### What is Mathematical Logic?

Category: E-Book

**What is Mathematical Logic? by C. J. Ash, J. N. Crossley**

PDF SCAN | 1990 | 96 pages | ISBN: 0486264041 | English | 11.9 MB

Although mathematical logic can be a formidably abstruse topic, even for mathematicians, this concise book presents the subject in a lively and approachable fashion. It deals with the very important ideas in modern mathematical logic without the detailed mathematical work required of those with a professional interest in logic.

The book begins with a historical survey of the development of mathematical logic from two parallel streams: formal deduction, which originated with Aristotle, Euclid, and others; and mathematical analysis, which dates back to Archimedes in the same era. The streams began to converge in the seventeenth century with the invention of the calculus, which ultimately brought mathematics and logic together. The authors then briefly indicate how such relatively modern concepts as set theory, Gödel's incompleteness theorems, the continuum hypothesis, the Löwenheim-Skolem theorem, and other ideas influenced mathematical logic.

The ideas are set forth simply and clearly in a pleasant style, and despite the book's relative brevity, there is much covered on these pages. Nonmathematicians can read the book as a general survey; students of the subject will find it a stimulating introduction. Readers will also find suggestions for further reading in this lively and exciting area of modern mathematics.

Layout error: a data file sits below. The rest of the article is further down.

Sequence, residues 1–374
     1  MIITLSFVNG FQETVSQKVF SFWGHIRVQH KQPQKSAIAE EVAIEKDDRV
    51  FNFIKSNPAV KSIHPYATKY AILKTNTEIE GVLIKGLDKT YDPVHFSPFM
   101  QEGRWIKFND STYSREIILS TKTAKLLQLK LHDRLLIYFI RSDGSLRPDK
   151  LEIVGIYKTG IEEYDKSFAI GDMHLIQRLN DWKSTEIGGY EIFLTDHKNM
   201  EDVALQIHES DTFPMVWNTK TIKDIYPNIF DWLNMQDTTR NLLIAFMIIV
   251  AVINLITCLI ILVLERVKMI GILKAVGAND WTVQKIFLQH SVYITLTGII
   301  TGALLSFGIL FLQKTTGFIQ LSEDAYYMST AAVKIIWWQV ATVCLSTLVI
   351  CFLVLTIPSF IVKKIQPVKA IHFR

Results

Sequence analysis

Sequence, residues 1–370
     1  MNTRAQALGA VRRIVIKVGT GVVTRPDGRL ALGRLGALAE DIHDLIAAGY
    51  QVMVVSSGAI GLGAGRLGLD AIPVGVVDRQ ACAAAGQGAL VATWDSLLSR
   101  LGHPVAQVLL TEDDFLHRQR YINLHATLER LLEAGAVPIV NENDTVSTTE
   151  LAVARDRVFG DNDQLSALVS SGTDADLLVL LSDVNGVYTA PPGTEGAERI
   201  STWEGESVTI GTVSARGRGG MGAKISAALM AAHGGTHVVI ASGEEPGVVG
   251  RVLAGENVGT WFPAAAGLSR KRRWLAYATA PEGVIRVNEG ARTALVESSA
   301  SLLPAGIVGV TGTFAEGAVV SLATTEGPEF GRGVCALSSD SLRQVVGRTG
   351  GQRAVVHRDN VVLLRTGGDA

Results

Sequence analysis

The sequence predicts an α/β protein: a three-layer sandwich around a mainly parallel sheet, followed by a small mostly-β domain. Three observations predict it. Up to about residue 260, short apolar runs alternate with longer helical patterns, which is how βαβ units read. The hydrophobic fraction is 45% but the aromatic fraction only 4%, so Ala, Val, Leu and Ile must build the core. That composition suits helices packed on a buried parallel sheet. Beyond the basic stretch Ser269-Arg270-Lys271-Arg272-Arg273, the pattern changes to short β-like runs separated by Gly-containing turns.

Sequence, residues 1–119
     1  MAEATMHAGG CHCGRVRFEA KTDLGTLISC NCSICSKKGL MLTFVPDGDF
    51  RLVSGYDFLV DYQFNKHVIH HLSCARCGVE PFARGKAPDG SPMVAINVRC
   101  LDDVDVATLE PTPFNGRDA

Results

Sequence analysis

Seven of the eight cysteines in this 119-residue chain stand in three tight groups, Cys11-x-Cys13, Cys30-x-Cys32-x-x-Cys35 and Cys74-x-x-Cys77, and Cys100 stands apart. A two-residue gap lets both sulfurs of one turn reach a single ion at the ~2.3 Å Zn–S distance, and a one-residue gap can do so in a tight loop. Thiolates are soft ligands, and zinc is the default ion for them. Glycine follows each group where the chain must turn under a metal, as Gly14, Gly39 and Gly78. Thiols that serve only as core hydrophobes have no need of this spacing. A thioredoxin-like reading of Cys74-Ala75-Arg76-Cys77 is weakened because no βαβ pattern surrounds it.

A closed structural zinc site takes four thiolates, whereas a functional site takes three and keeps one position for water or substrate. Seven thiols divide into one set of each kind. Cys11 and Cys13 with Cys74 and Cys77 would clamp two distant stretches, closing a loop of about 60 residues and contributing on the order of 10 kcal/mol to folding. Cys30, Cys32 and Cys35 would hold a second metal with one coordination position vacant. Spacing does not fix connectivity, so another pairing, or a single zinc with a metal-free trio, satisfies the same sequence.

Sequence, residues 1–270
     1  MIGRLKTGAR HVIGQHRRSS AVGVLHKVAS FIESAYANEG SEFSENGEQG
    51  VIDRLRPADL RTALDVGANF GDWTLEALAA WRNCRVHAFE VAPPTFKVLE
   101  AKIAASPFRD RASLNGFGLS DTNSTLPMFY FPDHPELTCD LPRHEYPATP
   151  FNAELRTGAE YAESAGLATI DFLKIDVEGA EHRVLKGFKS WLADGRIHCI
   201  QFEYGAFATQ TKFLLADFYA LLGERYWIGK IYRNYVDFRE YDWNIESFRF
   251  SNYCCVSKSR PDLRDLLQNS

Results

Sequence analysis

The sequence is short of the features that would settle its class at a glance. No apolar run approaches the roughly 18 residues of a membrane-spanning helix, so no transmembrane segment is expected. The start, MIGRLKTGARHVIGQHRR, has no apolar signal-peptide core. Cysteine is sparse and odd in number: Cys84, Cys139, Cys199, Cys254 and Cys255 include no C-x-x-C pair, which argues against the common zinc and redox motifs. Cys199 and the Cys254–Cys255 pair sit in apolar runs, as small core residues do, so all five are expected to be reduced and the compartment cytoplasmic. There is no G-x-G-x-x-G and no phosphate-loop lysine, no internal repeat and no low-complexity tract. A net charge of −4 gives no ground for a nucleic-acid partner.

The book begins with a historical survey of the development of mathematical logic from two parallel streams: formal deduction, which originated with Aristotle, Euclid, and others; and mathematical analysis, which dates back to Archimedes in the same era. The streams began to converge in the seventeenth century with the invention of the calculus, which ultimately brought mathematics and logic together. The authors then briefly indicate how such relatively modern concepts as set theory, Gödel's incompleteness theorems, the continuum hypothesis, the Löwenheim-Skolem theorem, and other ideas influenced mathematical logic.

The ideas are set forth simply and clearly in a pleasant style, and despite the book's relative brevity, there is much covered on these pages. Nonmathematicians can read the book as a general survey; students of the subject will find it a stimulating introduction. Readers will also find suggestions for further reading in this lively and exciting area of modern mathematics.

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